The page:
Winter Storm Warning: Significant and possibly life-threatening severe winter weather will occur, or is about to begin. For example: A combination of significant snow ( > 3") and ice accumulations (> 1/8") that create dangerous and life threatening conditions. Issued within 12 to 18 hours of conditions.

Heavy Snow Warning:  Heavy snow accumulation of 6" or greater causing dangerous and potentially damaging situation such as treacherous travel conditions.

 

Ice Storm Warning: Heavy ice accumulation, generally greater than 1/4 of an inches  thick, causing dangerous and damaging situations, such as downed utility lines and icy roads.

Blizzard Warning: Wind at least 35 mph with falling or blowing snow reducing visibility to under ¼ mile for at least three hours.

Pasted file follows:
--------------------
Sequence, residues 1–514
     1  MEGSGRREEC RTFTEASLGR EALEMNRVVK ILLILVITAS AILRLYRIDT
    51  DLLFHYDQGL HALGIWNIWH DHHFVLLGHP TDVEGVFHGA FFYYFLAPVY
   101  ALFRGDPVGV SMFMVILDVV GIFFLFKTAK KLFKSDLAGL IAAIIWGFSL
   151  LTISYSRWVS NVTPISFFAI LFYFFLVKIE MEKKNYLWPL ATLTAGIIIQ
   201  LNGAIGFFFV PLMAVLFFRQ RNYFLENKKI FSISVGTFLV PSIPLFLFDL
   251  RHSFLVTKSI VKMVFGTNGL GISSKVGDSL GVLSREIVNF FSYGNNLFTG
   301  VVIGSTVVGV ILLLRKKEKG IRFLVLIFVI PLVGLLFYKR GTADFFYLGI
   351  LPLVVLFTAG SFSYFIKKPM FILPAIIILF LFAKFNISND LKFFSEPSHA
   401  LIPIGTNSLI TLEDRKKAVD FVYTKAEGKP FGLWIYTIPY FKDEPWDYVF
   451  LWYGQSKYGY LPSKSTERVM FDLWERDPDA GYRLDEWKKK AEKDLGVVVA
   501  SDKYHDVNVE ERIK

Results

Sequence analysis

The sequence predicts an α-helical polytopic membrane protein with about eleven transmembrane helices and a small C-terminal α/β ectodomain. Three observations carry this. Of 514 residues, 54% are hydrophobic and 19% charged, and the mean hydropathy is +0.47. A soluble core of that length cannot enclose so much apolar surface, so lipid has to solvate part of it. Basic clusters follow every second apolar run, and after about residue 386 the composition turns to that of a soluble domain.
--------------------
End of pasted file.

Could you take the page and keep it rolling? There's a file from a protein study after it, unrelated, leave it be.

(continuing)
High Wind Warning: Wind gusts 58 mph and higher or sustained winds at 40 mph and higher, for at least an hour.

Wind Chill Warning: Wind Chill values colder than 25 below zero.

ADVISORIES

Winter Weather Advisory: Any combination of winter events that cause significant inconvenience, but probably not life-threatening when caution is exercised. For example; 2-5 inches of snow, light sleet or freezing drizzle, some blowing and/or drifting snow etc…

Snow Advisory: New snowfall of 2 to 5 inches is expected.

Wind Advisory: Sustained winds between 31 and 40 mph.

Wind Chill Advisory: Wind chills of 15 below to 25 below zero.

Freezing Rain Advisory: Light ice coating on roads and highways, but no damage is expected to trees/power lines.

Blowing Snow Advisory: Wind-driven snow reducing visibility to ¼ mile or less.

Dense Fog Advisory: Widespread fog with visibility under ¼ mile.

 

OUTLOOKS


Hazardous Weather Outlook daily at 6 AM & 1 PM to highlight the potential of hazardous weather including winter storms, severe storms and flooding.

See the graphical hazardous weather outlook.